- If you want to be known as an SEO expert, volunteer to optimize the website or others (if you can’t get a paid job)
- If you want to a renowned social media marketer, post regularly and engage with others on Facebook, LinkedIn, Instagram, Twitter, or other social networks
- If you want to specialise in digital advertising, create an ad account and experiment with small budgets
Which brings me to the next related point…
#5 Seek a Coach, Guide or Mentor
Due to its complexity, you can’t possibly specialise in all aspects of digital marketing — well, at least not initially.
While you can certainly try to duke it out on your own, finding a coach, guide or mentor can make all the difference.
Ideally, the best way to learn is to work directly under such an experienced person as his or her staff. If you can’t find a paid position, however, consider offering yourself as an intern or apprentice.
You can also look for digital marketing mentors online. Folks like Gary Vaynerchuk, Michael Stelzner, Neil Patel, Ryan Deiss, Mari Smith, Joe Pulizzi, Jay Baer, Ann Handley, Rand Fishkin, Guy Kawasaki, and Lee Odden may come to mind. Beyond these influential individuals, you should also read online magazines that specialise in this topic. They include:
- Content Marketing: Content Marketing Institute
- SEO and SEM: Moz Blog, Search Engine Journal
- Marketing Automation: HubSpot, Marketo
- Social Media Marketing: Social Media Examiner, Social Media Today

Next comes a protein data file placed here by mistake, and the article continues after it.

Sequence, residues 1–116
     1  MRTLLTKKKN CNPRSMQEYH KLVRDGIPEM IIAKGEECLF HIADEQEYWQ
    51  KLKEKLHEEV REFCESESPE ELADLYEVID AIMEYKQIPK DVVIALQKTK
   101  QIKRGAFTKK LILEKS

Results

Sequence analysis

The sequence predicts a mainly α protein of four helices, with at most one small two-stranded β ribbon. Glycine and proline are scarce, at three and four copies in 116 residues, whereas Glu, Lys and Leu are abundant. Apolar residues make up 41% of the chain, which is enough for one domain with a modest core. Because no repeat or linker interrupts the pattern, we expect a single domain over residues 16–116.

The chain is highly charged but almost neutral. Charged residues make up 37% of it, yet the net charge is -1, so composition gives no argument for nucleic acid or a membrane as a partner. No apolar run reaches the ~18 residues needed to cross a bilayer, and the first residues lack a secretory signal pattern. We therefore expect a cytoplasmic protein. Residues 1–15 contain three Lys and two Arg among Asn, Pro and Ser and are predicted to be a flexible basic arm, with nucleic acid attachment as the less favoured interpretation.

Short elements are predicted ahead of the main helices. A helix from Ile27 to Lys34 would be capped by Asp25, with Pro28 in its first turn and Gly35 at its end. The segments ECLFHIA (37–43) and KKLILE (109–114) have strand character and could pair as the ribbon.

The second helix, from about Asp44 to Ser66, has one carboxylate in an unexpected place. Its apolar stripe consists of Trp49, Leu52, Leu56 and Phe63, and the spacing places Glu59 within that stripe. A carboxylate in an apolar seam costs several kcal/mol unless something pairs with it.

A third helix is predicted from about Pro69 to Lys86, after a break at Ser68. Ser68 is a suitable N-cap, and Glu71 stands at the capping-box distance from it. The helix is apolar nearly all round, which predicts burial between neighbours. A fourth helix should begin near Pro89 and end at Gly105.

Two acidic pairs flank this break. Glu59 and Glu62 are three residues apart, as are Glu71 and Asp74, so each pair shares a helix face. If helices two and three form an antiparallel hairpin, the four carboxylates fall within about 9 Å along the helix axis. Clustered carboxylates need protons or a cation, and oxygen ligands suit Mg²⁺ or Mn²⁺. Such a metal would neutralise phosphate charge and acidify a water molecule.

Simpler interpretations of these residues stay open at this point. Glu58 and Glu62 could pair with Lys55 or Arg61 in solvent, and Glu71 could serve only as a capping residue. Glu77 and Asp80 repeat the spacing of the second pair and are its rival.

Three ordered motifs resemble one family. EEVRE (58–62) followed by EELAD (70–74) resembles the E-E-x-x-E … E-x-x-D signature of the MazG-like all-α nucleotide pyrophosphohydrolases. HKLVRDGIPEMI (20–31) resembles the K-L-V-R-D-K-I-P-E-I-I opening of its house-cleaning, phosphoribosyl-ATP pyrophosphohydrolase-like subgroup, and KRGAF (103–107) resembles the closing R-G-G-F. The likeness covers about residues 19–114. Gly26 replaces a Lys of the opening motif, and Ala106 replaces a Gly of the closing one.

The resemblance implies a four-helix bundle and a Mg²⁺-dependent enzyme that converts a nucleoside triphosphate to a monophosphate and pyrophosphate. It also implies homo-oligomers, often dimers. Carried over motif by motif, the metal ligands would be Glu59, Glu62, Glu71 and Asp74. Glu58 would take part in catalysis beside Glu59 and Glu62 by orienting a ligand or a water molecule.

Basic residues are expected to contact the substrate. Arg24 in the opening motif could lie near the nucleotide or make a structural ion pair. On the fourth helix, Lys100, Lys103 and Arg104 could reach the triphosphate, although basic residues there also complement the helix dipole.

- E-Commerce: My Wife Quit Her Job
- Facebook Advertising: Digital Marketer
#6 Practice for 10,000 Hours…
Malcolm Gladwell’s 10,000-Hour rule is probably familiar to most of you. Written about in his book Outliers, Gladwell cited that 10,000 hours of practice are necessary in order to succeed.
Here’s his summary of how much time can influence mastery:
- One hour — gain a basic introduction to the subject
- 10 hours — gain a wider notion of the main concepts
- 100 hours — reach an intermediate level
- 1,000 hours — become a specialist
- 10,000 hours — become a master in the subject
The best digital marketers spend a lot of time sharpening their skills by running online ads, analysing web traffic, optimising funnels, crafting content, and building social media communities.
#7 And Do So Deliberately
While practice makes perfect, blindly doing the same thing over and over again wouldn’t help you to become a proficient digital marketer.
You need to anchor your hours in deliberate practice, which is defined as follows:
Deliberate practice is when you work on a skill that requires 1 to 3 practice sessions to master. If it takes longer than that, then you are working on something that is too complex. Once you master this tiny behavior, you can move on to practicing the next small task that will take 1 to 3 sessions to master. Repeat this process for 10,000 hours. That is deliberate practice.
Here are some principles of deliberate practice:
- Focus on activities designed specifically to improve performance. Get a teacher, mentor or coach to help you improve;
- Consider activities that can be repeated frequently;
- Receive feedback on your results so that you can sharpen your skills and hone your craft;
- Practice in areas that may be highly mentally demanding;
- Embrace activities that aren’t much fun—these are the same ones that require deliberate practice.
But how do you know what you’re good at and what you suck at?
#8 Make Data Your Best Friend
Enter data analytics.
The beauty of digital marketing is that virtually everything can be measured and monitored. However, that also means that you need to be comfortable working with charts, tables and numbers.
To determine how you’re doing online (in tandem with deliberate practice — see above), you need to be proficient in data analytics tools like Google Analytics as well as digital advertising terms like CPM, CPC, ROAS, and others.
When you look at data, consider how the different parts integrate as a whole.